NY Food Truck Lunch: Arroz Con Pollo From Manos Peruanos
Perry, the voice behind New York Street Food, brings you his latest review on New York City food trucks.
Move over Morocho, there’s a new Peruvian food cart in town!
As we often do, we got out of the Rockefeller Center station at 47th St see what was happening along 6th Avenue. Before turning down 6th Ave, about midway down the block, there was a crowd of people around a food cart. Approaching the cart, we could see a large photo on the side and the name, Manos Peruanos, Peruvian Hands.
More: NYC’s 5 Best Empanadas
Not too long ago, we were not familiar with Peruvian food, but after going through the menu at Morocho, we have a much better idea. Here they also have aji de gallino, lomo saltado, anticuchos and more.
We decided to get arroz con pollo for $8, which the woman recommended, plus a beef empanada for $3. FYI, only a few menu items had prices listed.
Starting with the empanada, you could immediately see the difference between these and others. The large empanadas here are baked, not deep-fried, although to be fair, the empanadas at Nuchas are baked too. This empanada was not as perfectly shaped as Nuchas, meaning it was hand made.
The pastry itself was delicious, with a touch of sweetness in the dough. The filling was mainly ground beef, but we also saw a stray raisin or two, and a piece of hard-boiled egg.
The first bite with raisin and egg was great, but on the 2nd bite, the beef was salty. Taking 2 more bites, we ended up happy by the end of the empanada, but they can cut back on the salt a little.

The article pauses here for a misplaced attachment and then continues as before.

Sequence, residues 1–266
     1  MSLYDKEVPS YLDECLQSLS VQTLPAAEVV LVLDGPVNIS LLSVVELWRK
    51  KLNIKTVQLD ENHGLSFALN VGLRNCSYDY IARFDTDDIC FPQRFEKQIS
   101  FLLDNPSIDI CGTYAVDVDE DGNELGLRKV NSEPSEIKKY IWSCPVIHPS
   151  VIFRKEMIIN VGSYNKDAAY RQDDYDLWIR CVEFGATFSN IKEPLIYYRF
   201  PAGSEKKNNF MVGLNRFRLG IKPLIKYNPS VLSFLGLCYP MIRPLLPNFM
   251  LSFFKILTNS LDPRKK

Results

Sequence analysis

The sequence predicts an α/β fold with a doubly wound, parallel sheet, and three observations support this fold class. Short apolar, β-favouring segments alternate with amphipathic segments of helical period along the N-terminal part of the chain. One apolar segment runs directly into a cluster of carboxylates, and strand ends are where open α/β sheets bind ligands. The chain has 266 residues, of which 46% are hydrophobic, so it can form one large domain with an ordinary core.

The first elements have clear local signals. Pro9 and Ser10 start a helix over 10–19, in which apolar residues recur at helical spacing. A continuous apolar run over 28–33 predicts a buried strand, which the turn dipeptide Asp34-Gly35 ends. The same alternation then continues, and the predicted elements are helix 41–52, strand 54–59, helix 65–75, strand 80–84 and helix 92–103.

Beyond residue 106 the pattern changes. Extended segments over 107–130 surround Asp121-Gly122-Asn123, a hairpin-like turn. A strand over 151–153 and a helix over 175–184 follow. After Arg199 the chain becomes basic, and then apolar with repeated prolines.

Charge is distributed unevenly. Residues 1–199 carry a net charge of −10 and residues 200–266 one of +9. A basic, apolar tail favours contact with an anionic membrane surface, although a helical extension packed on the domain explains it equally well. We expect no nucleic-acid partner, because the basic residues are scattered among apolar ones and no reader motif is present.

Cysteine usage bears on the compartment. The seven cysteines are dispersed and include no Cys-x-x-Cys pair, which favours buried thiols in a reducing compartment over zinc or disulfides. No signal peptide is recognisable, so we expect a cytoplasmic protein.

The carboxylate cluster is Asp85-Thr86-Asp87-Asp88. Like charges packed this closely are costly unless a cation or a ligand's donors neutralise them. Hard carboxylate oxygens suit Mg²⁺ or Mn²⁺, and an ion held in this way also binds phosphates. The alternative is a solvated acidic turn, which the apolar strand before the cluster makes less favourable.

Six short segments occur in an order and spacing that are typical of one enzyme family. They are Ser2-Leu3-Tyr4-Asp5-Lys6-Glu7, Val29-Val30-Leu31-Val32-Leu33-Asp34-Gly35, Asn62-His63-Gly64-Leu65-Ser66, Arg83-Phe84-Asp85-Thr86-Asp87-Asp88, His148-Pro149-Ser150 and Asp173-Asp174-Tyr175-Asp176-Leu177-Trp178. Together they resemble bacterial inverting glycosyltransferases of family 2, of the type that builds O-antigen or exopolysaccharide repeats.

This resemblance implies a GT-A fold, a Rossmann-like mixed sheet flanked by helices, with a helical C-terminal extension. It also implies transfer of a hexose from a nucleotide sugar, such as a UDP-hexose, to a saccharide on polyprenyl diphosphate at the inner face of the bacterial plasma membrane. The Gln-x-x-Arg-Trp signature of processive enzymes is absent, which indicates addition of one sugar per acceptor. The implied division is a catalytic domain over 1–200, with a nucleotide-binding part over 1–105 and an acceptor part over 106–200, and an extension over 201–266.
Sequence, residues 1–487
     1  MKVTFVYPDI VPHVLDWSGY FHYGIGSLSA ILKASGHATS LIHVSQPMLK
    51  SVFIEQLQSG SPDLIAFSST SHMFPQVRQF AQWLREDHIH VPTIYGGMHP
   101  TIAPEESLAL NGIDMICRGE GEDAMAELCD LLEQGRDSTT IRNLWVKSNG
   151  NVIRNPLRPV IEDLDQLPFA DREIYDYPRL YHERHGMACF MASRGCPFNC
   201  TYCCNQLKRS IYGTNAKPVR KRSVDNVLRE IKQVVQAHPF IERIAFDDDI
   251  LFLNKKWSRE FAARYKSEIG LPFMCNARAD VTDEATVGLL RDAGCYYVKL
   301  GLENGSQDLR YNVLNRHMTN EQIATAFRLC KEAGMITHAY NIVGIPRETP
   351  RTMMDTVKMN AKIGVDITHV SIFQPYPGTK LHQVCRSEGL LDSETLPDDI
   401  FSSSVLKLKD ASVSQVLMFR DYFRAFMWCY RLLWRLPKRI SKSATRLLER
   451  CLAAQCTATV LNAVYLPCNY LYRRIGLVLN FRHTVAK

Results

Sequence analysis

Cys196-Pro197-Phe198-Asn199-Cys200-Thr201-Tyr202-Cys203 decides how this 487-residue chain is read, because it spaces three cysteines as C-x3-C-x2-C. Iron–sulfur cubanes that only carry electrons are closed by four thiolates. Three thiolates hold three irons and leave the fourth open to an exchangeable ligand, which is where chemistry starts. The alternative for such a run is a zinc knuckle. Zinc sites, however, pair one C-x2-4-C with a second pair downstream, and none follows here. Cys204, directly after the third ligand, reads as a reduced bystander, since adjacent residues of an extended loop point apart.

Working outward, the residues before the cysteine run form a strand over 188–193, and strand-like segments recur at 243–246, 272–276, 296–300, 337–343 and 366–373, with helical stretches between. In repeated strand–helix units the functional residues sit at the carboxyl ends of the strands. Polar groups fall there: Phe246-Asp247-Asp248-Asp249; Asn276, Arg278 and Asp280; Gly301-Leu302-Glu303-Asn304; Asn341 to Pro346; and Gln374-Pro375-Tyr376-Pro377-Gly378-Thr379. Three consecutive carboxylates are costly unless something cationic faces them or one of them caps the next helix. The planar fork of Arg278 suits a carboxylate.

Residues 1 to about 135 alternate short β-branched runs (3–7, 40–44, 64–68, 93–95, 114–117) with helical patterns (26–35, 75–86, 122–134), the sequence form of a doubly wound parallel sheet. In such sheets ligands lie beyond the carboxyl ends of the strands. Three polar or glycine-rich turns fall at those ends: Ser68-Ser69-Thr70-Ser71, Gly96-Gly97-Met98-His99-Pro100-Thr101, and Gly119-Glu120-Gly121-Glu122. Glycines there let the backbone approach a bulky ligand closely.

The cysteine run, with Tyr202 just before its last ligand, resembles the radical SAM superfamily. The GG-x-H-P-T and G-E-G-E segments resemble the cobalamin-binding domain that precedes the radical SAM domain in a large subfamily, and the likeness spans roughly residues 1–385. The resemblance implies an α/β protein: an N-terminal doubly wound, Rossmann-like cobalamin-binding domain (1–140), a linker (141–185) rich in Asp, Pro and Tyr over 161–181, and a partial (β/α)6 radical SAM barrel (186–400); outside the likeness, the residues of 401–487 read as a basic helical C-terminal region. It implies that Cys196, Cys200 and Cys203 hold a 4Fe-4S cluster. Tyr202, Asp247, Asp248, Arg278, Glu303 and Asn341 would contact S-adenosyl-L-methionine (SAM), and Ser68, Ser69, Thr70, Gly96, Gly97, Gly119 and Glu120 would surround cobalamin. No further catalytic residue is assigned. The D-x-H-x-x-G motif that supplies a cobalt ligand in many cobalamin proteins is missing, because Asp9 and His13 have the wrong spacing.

There were 2 large pieces of chicken, a thigh and a leg, both with the skin on. It appeared to be stewed, and was very soft and moist. No dry chicken here.
The chicken was topped with red onions, and you could see plenty of herbs in the chicken too. To add even more flavor, you had 2 options: red onions or a light green, creamy hot sauce.
When we say hot sauce, this was one of the hotter sauces we’ve had on the street. You are hereby warned. This hot sauce could easily bury the chicken, so use it judiciously.
We like spicy food, but actually preferred the chicken with rice and red onions most bites, with a little salsa verde every few bites.
After finishing the chicken, which had plenty of meat, there was plenty of rice. The rice here was pretty herby, with minced cilantro, and scattered peas were mixed in with the rice.
For a first meal at Manos Peruanos, we were pretty happy. Their empanada stood out from the pack, and the arroz con pollo was a solid, hearty, flavorful meal. Just be careful of the green hot sauce.